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Binibéquer is a relatively small beach, but it’s ideal for families. The shallow waters of the cove are perfect for children, and there are sun loungers for parents. Many of the resorts around the bay offer activities for children, too. There is also Cala’n Porter beach. This is one of the oldest beach resorts on the island, and has a wide range of family water sports as well as many restaurants and amenities.

Adventure

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For adventure, it has to be Punta Prima Beach. One of the largest beaches on the island, Punta Prima is renowned for its water sports. Found in the south east of the island, the beach features windsurfing equipment for hire, along with sailing equipment and pedalos. Swimming is great here, along with scuba diving and snorkelling thanks to the crystal clear waters. However, swimmers should only get in the water when the green flag is up, meaning its safe to swim.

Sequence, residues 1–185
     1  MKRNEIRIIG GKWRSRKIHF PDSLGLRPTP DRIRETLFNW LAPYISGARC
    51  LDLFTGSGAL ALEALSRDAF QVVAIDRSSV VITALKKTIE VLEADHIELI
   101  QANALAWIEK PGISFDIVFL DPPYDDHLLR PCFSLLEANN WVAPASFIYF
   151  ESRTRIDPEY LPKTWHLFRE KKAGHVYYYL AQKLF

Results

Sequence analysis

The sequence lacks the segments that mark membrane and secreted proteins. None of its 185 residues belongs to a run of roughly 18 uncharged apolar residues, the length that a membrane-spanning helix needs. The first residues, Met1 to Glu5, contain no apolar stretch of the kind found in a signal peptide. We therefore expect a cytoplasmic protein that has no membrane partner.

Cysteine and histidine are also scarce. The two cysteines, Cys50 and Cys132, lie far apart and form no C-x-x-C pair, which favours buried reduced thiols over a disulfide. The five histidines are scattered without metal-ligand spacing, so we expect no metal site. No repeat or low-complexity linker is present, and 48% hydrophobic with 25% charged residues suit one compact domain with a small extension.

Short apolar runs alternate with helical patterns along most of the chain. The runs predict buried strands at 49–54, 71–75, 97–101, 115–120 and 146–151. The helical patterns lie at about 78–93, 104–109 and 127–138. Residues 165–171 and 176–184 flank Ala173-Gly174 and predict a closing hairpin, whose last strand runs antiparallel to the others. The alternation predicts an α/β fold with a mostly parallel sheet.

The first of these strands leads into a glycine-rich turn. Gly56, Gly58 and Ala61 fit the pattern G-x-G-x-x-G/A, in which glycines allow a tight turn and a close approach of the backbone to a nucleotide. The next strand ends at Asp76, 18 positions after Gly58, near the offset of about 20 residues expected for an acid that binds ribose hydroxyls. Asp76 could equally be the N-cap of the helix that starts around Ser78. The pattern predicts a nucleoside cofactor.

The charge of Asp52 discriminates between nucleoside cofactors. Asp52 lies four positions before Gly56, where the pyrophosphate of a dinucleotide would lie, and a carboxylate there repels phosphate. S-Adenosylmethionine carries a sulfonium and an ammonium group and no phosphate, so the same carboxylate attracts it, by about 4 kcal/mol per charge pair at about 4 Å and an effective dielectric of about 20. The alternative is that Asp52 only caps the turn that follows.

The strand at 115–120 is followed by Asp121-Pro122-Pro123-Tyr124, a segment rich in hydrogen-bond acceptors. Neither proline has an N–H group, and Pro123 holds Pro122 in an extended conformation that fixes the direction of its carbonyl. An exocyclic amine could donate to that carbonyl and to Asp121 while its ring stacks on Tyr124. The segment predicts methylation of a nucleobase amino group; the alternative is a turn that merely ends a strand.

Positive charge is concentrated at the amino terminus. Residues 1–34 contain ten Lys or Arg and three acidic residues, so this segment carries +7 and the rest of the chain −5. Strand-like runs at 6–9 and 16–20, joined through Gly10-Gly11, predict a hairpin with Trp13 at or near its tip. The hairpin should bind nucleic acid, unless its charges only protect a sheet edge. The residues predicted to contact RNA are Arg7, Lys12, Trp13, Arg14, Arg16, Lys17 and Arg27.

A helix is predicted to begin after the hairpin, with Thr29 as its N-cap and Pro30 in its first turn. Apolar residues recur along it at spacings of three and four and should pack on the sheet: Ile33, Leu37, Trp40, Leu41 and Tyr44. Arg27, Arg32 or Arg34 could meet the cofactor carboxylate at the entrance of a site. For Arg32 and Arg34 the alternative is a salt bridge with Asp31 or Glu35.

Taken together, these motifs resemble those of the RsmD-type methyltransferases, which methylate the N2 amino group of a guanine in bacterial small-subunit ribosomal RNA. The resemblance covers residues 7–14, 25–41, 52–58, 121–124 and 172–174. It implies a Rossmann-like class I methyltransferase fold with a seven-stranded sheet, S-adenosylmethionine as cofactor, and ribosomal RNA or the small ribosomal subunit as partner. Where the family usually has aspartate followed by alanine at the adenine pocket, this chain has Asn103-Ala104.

Need to know

Need to know [destination]

Language

The official language of Minorca is Spanish, which is spoken along with Catalan. Most natives are fluent in both. While to the untrained ear, Spanish and Catalan might sound the same, they are in fact two very different languages. Variations of Catalan have developed, almost from village to village and the resulting variants are known, collectively, as Minorqui. Although English isn't an official language, most people working in the tourist industry here speak English. However, it is advisable for those heading out of the main tourist destinations to take a phrase book.

Currency

The national currency of Minorca is the euro, with 1 euro split into 100 cents. Minorca is a hub for tourism, which means that ATMs can be easily located. Banks tend to offer the best exchange rates, while post offices also feature competitive rates. Official exchange offices, or cambio, are a convenient option as they stay open longer than banks and post offices. Banks tend to open between 8.30 am and 1.30pm, at which time they close for an hour. Afternoon opening hours tend to be between 2.30pm and 3.30pm. Credit and debit cards are used widely in Minorca, with most hotels, shops and restaurants accepting VISA, Maestro and Mastercard.- although it might be required to present identification with a card purchase.

While the Euro is the only currency that is accepted on the island, it is possible to change pounds sterling and US dollars in banks and money exchange places.

Visas